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On Being: Starting Points & Care Packages
Philosophy

On Being (previously featured in the 05-01-2015 Scout Report) is an award-winning public radio show hosted by broadcaster and New York Times-bestselling author Krista Tippett. On Being focuses on deep, sometimes difficult conversations and topics on the religious, spiritual, and moral aspects of human life. Starting Points & Care Packages offers collections of podcasts, interviews, poetry, meditations, essays, and more, making these collections ideal for philosophers, theologians, writers, and poets alike. Listeners new to the program will enjoy the collections just as much as existing fans - there's even a collection specifically for those diving in for the first time - as each one provides a convenient, focused access point to the program's larger content. Starting Points & Care Packages includes collections on topics such as exhaustion, caregiving, race, relationships, conflict, science and nature, uncertainty, joy, and even the mundane. Each collection approaches its topic from a spiritual and/or moral standpoint and invites listeners to examine themselves and the world around them more thoroughly, to probe deeper, and to ask more questions. [RMP]

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Theme: Extreme Weather

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Mr. Tornado Documentary
Science

The 1974 Super Outbreak was the most violent tornado outbreak ever recorded. In its aftermath, Japanese-American meteorologist Ted Fujita spent 10 months analyzing the outbreak using a previously untested methodology, including groundbreaking aerial analyses and detailed mapping of damage patterns. His ideas transformed the field of meteorology and earned him the nickname "Mr. Tornado." Fujita is the subject of the 53-minute documentary Mr. Tornado, which aired June 29, 2021 and was produced by PBS as part of the American Experience film series. The film highlights Fujita's tornado research, hands-on approach to applied scientific work, and contribution to aviation safety through the discovery of microbursts - sudden downdrafts of wind that can cause airplanes to fall from the sky. The full film is available to view on the page linked above (as of this writing), and viewers can also scroll to find clips and links to further reading suggestions. A written transcript of the film is available by clicking the down arrow in the Menu under the video player. Mr. Tornado was written, produced, and directed by Michael Rossi. [HCL]

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Extreme Weather Film and Lesson Plans
Science

Educators looking for an engaging angle to teach about climate change and weather should check out these five lesson plans from National Geographic (previously featured in the 05-17-2019 Scout Report). Students will practice forecasting and measuring weather, identifying weather patterns, and making connections between weather and climate. For example, in the lesson Climate Change and Rising Seas (grades 5-9), students learn the difference between global warming and climate change and perform a hands-on experiment to predict sea level rise. Lesson plans include accompanying videos from National Geographic and ideas for assessing students' knowledge. All five lesson plans appear as clickable tiles in the Activities section of the page linked above. Readers can scroll to the Film Clips section to view selected clips from the film Extreme Weather, and keep scrolling to find links to articles, photo galleries, and more classroom resources, organized thematically around climate change, weather, sea level rise, and forest fires. The film Extreme Weather and the accompanying lesson plans were produced through the support of Lockheed Martin. [HCL]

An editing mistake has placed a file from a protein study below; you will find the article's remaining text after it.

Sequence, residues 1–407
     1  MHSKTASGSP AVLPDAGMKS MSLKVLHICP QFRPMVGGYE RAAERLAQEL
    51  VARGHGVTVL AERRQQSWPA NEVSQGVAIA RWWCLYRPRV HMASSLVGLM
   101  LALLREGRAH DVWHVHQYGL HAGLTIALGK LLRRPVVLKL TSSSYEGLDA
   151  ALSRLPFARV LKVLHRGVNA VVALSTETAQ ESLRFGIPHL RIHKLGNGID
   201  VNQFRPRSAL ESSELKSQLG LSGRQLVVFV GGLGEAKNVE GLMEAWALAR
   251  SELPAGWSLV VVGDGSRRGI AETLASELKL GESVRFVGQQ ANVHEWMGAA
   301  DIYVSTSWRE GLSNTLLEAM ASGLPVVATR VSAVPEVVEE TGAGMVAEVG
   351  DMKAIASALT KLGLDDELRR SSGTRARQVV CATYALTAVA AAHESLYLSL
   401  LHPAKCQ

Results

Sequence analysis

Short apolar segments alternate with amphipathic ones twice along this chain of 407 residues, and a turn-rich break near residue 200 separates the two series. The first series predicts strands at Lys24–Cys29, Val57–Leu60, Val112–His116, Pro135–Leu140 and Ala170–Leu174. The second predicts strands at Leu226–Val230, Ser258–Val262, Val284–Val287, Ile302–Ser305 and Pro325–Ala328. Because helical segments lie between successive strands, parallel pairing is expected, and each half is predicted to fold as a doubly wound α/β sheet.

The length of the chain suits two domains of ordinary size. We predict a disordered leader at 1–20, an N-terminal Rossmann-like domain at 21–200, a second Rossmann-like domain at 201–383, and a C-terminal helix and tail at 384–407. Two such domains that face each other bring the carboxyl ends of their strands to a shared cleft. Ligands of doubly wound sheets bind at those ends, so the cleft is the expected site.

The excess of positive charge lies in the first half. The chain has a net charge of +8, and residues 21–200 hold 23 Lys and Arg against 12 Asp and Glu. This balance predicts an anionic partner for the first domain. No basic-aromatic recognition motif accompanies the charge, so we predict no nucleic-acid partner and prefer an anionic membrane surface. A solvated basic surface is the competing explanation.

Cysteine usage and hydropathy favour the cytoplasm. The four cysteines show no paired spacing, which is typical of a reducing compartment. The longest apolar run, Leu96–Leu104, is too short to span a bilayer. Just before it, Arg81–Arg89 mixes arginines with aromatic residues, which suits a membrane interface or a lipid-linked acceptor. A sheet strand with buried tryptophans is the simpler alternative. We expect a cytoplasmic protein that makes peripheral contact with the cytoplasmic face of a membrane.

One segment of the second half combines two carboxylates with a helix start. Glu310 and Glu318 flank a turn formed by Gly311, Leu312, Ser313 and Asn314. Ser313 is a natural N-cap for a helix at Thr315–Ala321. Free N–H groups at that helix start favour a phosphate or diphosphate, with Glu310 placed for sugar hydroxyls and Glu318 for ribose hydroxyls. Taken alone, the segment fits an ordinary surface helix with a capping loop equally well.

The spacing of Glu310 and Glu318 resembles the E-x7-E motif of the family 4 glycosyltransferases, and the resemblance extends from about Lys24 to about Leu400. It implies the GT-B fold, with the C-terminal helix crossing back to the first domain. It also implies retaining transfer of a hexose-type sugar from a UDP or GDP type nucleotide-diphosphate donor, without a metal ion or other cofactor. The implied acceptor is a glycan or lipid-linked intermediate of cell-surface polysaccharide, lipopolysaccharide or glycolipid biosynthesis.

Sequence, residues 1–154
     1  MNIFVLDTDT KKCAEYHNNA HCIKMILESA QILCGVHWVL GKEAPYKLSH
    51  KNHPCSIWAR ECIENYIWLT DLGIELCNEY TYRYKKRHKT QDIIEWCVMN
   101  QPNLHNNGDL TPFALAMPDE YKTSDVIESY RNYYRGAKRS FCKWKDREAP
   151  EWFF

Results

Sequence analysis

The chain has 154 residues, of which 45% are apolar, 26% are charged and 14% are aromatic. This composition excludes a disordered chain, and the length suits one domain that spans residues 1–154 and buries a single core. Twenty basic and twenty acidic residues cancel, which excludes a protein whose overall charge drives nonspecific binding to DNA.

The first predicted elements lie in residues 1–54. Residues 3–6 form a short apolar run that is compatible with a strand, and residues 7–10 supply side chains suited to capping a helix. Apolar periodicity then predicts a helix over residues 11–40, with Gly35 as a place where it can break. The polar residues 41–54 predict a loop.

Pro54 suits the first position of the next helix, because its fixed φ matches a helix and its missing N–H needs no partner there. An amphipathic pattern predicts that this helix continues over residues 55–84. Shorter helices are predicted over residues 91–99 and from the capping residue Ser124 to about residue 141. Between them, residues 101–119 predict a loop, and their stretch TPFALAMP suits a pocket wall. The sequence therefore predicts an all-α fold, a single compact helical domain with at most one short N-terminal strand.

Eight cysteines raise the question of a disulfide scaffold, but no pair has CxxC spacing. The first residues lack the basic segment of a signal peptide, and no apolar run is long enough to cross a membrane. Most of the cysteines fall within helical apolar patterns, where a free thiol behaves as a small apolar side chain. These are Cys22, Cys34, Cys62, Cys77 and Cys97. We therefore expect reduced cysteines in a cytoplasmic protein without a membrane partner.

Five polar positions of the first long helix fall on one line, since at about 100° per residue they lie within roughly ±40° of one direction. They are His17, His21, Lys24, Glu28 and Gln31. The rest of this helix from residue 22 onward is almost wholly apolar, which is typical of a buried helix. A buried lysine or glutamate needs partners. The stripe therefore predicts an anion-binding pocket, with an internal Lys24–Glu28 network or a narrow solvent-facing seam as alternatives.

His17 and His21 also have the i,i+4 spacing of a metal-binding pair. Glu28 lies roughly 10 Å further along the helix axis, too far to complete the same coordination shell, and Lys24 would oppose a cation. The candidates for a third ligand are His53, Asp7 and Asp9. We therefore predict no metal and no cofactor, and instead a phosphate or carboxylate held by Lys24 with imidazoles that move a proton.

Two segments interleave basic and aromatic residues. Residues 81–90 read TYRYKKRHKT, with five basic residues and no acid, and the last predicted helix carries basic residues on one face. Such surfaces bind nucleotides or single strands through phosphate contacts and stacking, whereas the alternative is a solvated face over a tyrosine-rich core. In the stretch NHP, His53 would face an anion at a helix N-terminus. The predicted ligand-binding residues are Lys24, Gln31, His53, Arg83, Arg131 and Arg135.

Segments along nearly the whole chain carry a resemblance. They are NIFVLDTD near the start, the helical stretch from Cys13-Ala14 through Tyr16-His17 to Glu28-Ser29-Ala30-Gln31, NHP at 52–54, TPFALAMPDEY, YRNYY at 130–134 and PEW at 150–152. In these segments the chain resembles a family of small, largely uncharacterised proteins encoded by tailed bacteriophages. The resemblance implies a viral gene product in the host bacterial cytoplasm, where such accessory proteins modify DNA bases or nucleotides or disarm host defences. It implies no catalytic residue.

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Red Cross Disaster Apps
Science

This suite of free apps from the Red Cross helps users track weather alerts across the globe, to make sure loved ones are safe and learn how to respond before, during, and after a severe weather event. There are four apps available under the Disaster Apps section of the page linked above. The "Emergency App" lets users monitor their locations or the location of loved ones with 35 different extreme weather alerts. Alternatively, users can download specialized apps for hurricane, tornado, or earthquake information. The apps offer customizable alerts and the ability to push notifications to users' mobile phone, Apple Watch, or Android wearable device. In an emergency, the apps can notify loved ones that users are safe or guide them to nearby Red Cross shelters. Each app provides instructions to prepare for disasters and develop a family preparedness plan, and during an emergency, the in-app toolkit can be used for a flashlight, strobe light, or audible alarm. Every app is available in English and Spanish and can be downloaded for Apple or Android devices. Visitors should also check out other apps in the Red Cross suite for first aid, blood donation, swimming safety, and more. [HCL]

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Live Storm Chasing
Science